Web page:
As we head towards the 2012 NBA Draft, it is time to give some looks at players who are borderline draftees, but may have the skills which could translate to a NBA career. The Case For….takes a look at these players and tries to give a brief outline of what skills they have, what they are missing, and what steps would eventually lead them to the to the NBA. This edition looks at another in a long line of effective Georgetown big men – Henry Sims. It took until his senior year for him to show some flashes of potential, but has he shown enough to get a spot in this year’s draft? Let’s lay out the case for Henry Sims:
Henry Sims, Georgetown, Senior 6’10, 232
11.6 ppg, 6.0 rpg, 3.5 apg, 46.2 FG%, 70.8 FT%
The Good – After 3 years of little production, Sims got his opportunity this past season and made the most of it. Sims showed the ability to play in both the low and high posts, and in the right matchups, even work on the perimeter. He has developed an effective short hook shot and improved footwork around the basket, and can knock down the mid-range jumper if left open. As the center in the Georgetown offense, he has a good understanding of court spacing, setting screens, and passing lanes. He has good length and athleticism allowing him to rebound well on both ends of the floor, and block and alter shots on the defensive end. He moves his feet well for his size on the perimeter and he does a good job hedging on the pick and roll and being able to recover.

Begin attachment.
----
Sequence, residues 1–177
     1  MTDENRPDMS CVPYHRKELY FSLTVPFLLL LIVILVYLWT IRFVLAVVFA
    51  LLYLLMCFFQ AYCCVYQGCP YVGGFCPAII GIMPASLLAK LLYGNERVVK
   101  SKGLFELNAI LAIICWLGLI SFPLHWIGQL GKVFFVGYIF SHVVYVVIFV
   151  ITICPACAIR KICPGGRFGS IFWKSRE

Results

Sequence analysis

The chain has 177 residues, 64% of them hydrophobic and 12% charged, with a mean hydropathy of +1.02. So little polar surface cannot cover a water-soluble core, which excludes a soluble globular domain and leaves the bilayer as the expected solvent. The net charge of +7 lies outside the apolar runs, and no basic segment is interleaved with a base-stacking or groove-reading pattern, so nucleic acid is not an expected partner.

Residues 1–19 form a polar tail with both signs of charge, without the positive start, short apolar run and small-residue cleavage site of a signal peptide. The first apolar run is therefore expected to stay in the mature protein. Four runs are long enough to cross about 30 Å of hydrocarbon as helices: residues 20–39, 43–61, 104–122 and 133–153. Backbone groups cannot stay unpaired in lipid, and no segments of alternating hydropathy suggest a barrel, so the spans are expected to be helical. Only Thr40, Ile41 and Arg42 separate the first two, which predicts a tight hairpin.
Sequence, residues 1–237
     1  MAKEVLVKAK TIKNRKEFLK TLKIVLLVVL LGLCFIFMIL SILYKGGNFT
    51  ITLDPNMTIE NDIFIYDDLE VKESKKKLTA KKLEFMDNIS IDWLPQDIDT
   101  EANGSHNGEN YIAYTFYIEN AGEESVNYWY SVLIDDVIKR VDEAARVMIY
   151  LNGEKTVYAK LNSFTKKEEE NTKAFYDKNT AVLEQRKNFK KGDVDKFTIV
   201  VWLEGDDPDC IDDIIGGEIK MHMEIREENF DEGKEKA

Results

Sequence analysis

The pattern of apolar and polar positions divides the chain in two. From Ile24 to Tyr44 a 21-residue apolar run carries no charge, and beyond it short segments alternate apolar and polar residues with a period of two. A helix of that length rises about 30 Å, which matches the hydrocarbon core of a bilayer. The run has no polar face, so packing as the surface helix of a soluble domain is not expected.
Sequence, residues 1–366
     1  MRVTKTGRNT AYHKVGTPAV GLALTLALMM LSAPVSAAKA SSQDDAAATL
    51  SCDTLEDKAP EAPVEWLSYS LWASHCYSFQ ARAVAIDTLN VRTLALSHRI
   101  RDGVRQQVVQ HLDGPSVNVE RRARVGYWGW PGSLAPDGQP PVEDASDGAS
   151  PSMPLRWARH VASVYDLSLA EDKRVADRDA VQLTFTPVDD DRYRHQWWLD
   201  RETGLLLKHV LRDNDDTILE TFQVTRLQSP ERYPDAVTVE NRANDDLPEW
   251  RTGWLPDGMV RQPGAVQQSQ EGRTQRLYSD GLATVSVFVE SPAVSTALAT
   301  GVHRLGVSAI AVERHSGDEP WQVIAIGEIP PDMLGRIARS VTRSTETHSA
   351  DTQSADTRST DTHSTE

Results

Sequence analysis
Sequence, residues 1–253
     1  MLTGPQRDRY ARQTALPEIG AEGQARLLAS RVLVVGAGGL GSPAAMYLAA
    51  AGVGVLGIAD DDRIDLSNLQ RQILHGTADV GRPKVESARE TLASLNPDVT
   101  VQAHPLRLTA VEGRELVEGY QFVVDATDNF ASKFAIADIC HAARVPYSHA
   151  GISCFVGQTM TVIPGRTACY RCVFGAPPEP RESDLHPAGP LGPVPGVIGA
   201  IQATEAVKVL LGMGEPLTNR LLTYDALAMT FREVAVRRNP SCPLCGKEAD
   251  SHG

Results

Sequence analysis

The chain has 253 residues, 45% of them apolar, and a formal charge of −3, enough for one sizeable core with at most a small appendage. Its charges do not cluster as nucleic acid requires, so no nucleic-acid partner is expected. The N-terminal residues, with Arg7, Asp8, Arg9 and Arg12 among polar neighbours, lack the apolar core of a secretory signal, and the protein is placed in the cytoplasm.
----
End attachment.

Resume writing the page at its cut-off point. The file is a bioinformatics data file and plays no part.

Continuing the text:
The Bad – While Sims showed flashes with his improved offensive game, he is very inconsistent. Part of this is due to playing in different spots on the court on offense, but he needs to work harder on his positioning and post moves to become a legitimate low post threat. He doesn’t handle double-teams well, and needs to learn to get the ball out quicker in those situations. Shot selection has also been an issue for Sims, though he has improved a bit from earlier in the year. He is a very good passer out of the high post, but he still has to watch a tendency to try and force passes. Defensively, he needs to improve his lower body strength and footwork to force players away from the basket. Sims also needs to become more aggressive on the defensive end, especially going after rebounds.
The Verdict – It was great to see Sims finally breakout this season, and I wish he had one more year in college to build on this. While he isn’t great at any particular skill, he is good at a lot of things, and there seems to be room for more improvement if he becomes more aggressive and he can play to his strengths as a facilitator on the offensive end. Defensively, he will also need to be more aggressive, though his ability to step out away from the basket should benefit him. Sims would certainly be worth the risk near the end of the 2nd round (50-60) and with some training camp and D League experience, could possibly be with a NBA team in a year.
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